Work being done in Terrain Sciences Division comprises geothermal studies, geophysical research, and geological and geotechnical studies. The geothermal studies include basic research on heat and mass transfer processes in frozen ground, laboratory modeling of frozen ground, the routine measurement of deep ground temperatures in oil wells in the permafrost regions of Canada, and studies of gas hydrates. Geophysical research includes the development of geophysical systems (instruments, recording techniques, processing software) for the identification of ice-bonded soils and for the determination of ground ice conditions with soils. Techniques under development include high resolution refraction seismic for both land and marine applications, seismic shear waves and ground-penetrating radar. Other research includes studies of the mechanical properties of frozen ground, of slope stability in permafrost terrain, of ground ice and its properties, of the performance of pipeline rights-of-way in permafrost regions, and the relationship of permafrost conditions to climate and to possible future climatic changes. Within Atlantic Geoscience Centre, studies have concentrated on the geotechnical properties of seabed materials and on elucidating the form, and the history of the multi-layered subsea permafrost bodies of the Beaufort Sea continental shelf.

A major multidisciplinary project to examine geotechnical and geological conditions in the shore zone of the Beaufort Sea in the Canadian western Arctic was recently completed. The project was a cooperative venture between Geological Survey of Canada, Gulf Canada Resources, Esso Resources Canada, Ltd., Hill Geoscience Research. and the Inuvik Scientific Research Centre. The study comprised the drilling, coring and sampling of a line of six deep boreholes (depths of 30 to 100 m) extending from onshore on northern Richards Island out to a water depth of 12 m, 22 km offshore, plus three shallower holes (18 to 21 m depth) right at the coastline. The drilling was done in late winter of 1990, through the land-fast ice, using terrestrial drilling techniques and chilled drilling mud. Associated studies included 12 cone penetrometer tests, geothermal studies down-hole and other geological tests and observations. Results of the field and laboratory studies are still being analyzed.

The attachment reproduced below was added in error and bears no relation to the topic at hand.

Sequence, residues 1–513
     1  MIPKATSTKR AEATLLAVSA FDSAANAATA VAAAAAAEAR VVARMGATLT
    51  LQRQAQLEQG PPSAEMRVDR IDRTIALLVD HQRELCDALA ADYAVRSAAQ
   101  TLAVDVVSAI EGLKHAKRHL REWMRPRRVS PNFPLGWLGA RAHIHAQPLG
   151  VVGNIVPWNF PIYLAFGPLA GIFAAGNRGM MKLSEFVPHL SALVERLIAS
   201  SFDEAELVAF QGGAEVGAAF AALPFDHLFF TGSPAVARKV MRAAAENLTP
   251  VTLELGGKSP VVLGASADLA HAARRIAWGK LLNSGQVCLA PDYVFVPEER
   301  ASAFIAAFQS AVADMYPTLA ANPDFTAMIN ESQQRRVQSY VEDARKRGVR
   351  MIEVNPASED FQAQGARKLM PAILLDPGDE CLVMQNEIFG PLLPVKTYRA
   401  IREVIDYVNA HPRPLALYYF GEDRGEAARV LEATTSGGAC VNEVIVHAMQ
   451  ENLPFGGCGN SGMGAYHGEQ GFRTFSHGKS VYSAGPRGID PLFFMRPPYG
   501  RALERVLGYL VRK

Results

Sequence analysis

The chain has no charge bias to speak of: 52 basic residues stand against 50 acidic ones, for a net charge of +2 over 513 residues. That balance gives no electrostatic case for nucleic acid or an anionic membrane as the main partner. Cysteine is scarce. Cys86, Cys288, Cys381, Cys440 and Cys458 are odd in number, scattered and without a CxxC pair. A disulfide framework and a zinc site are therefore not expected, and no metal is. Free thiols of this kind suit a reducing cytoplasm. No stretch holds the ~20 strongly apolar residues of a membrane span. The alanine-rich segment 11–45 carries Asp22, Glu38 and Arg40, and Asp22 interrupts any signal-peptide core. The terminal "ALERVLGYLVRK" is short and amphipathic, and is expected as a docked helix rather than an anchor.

In July 1 a party of five scientists and technicians from Terrain Sciences Division visited the Yamal and Gydan peninsulas of northern West Siberia, U.S.S.R., for a cooperative study of geophysical and geotechnical methods used for the detection and mapping of ice-rich sediments in areas of oil/gas well sites and pipelines. The Soviet participants were from VSEGINGEO, U.S.S.R. Ministry of Geology. The techniques utilized comprised engineering geology, seismic and electrical profiling, georadar, and geothermal studies. The Soviet side provided drilling and sampling equipment, camp facilities, and all air and ground transportation. Accomplishments included the development of a new field technique for mapping shallow massive ice (5- to 20-m depth) using combined Soviet and Canadian technology, and exposure of both sides to the equipment and methods of the other. A series of reports is in progress, and joint presentations are being planned for the VI International Permafrost Conference, Beijing, 1993. The Soviet side is expected to visit Canada in March/April 1992, for combined field work in the Mackenzie Delta region.

Prepared by J.A. Heginbottom,
Secretary, CNC/IPA
Geological Survey of Canada